Naipaul: An Enigma’s Departure

Naipaul: An Enigma’s Departure
Photo : Lester S. Orie

“He shoulda dead long time; he hated Trinidad,” was the self-righteous, doomsday response of a Trini/American on being informed of the death of Naipaul. This is a Trini who migrated to America near fifty years ago and who has been back here on fewer occasions than Naipaul did (who we have heard often visited Trinidad - if only in a most private capacity).

This Naipaul-hater not only never read any of Naipaul books but, in fact, never read any books at all other than the West Indian Reader that was compulsory reading at primary school - and which was the highest level of his educational attainment.

He had however become rich in America and lives now in an exclusive white enclave in New York and boasts that he is the only non-white resident ever accepted there. It is this knowledge of himself as a financial success that makes him feel that he has acquired the transcendence to pass judgement on one such as Naipaul.

When John Kennedy was assassinated in 1963, it was as if the metaphysical heartbeat that makes the world go round had stopped on his passing; it was assumed that everybody everywhere experienced a heart-stopping moment that day. It was only in recent times researchers revealed to the world that there were Kennedy haters across America who celebrated his death with extravagant all-day and all-night partying.

I was in NY when Indira Gandhi was assassinated and while for hundreds of millions worldwide her death was as tragic as of one losing a near and dear relative, there in NY were Sikhs handing out sweets and celebrating her death as if it were the most joyous moment in their lives.

Point is, regardless of who we are, what we have achieved, it seems inevitable that there would always be persons who would let out a big, long steups just at the mention of our names.

The other point is, those who criticise (us) don’t matter; and those who matter (to us) don’t criticise. This is all within the context of our freedom of choice - that inalienable right to be whatever floats one’s boat.

Not being another Mark Antony, I am writing here not to bury Naipaul (that is for Nadira) but to celebrate the opportunity and pleasure of having read his writing.

In a cricket analogy, Naipaul wielded his pen with the pyrotechnical flair of a T20 cricketer, like Gayle, for example, while the writing styles of most others are equivalent to watching the pedestrian stroll-in-the-park batting of  a five day test with Geoff Boycott.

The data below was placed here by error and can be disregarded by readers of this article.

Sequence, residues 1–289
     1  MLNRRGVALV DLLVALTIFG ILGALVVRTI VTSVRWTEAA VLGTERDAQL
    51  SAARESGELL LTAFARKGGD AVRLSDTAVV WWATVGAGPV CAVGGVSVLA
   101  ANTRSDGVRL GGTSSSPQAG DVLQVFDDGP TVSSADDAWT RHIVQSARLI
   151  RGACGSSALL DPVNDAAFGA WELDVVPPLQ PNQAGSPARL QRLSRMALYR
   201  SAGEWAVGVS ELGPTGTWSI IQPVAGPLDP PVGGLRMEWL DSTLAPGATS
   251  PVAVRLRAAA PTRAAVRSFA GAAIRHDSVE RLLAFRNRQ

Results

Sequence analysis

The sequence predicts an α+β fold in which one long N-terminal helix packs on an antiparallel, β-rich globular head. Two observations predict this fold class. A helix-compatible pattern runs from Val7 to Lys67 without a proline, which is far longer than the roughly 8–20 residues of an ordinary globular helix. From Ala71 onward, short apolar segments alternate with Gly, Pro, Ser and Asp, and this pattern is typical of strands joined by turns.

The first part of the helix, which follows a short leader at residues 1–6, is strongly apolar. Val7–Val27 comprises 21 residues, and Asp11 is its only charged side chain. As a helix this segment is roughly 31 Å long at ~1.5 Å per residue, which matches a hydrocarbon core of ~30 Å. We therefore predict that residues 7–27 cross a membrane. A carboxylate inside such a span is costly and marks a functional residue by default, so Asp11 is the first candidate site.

So hear this: Naipaul sees faeces on the ceiling of a toilet in India and wonders what kind of yogic position it required to achieve such a feat. He sees again people exercising and in the matrix of their contortions it looks to him as if it were a yoga Olympiad underway.

It is not what you say but how you say what you say is an adage that has become cliche to all of us, and Naipaul was the custodian of that truth. He allowed us to see what he saw but in language that painted a thousand pictures in technicolour.

So on his Islamic journey through Pakistan he comes to a hut after a long, arduous day of lonely traveling where an Indian man and his two daughters host him for the evening and having fed him roti and tarkari (and a cup of Cocoa, I think)  - a meal that is so typical of an Indo/Trini one, his admission that he could have surrendered himself to that life of theirs was so vivid that one could not read that experience of his and not identify with it.

When I read Salman Rushdie’s Midnight children, I felt I could actually hear the voices of the people in the background, in the streets, because Rushdie’s writing communicates to us aurally - i.e. we hear what he hears - which is what makes him great, as well.

Naipaul, however, was more visual, so he let us see what he saw. While his socio-political views generated the greater interest in his books, it was so because he did not see the pen as the weapon of a literary guerilla warrior hiding and sniping, afraid to show his true self, but used it instead as a muralist’s brush for billboard advertising on, say, 42nd street in NY which proclaimed, what you see is what you get. I only tell it as I see it.

Millions deny who they are, where they originated. Michael Jackson, for example, in his white transfiguration, openly rejected his black heritage because he saw himself white. Did Afro/Americans hate him for that rejection of his and their blackness or did they just focus on his music ignoring his idiosyncratic “white” narcissism?

And did they also damn him when it became known that he abused little boys and paid out large sums of hush money to keep the matter swept under his bedsheets?

He without sin cast the first stone is such a profound challenge to mankind that it reiterates the saying, judge not that ye be not judged. Sure, Naipaul’s personal life was imperfect and that he was irascible and crude and a whoring philanderer, but, hey, how many of us could cast that first stone in our holier-than-thou sense of our self as we condemn him?

VS Naipaul came, he saw and he wrote about it and via his books on shelves across the globe, he has immortalised himself by his own hand while his detractors would be forgotten on the delivery of their own eulogy.

Although there is no need to say it, one finds it hard to ignore. So: long live one of the masters of the English language.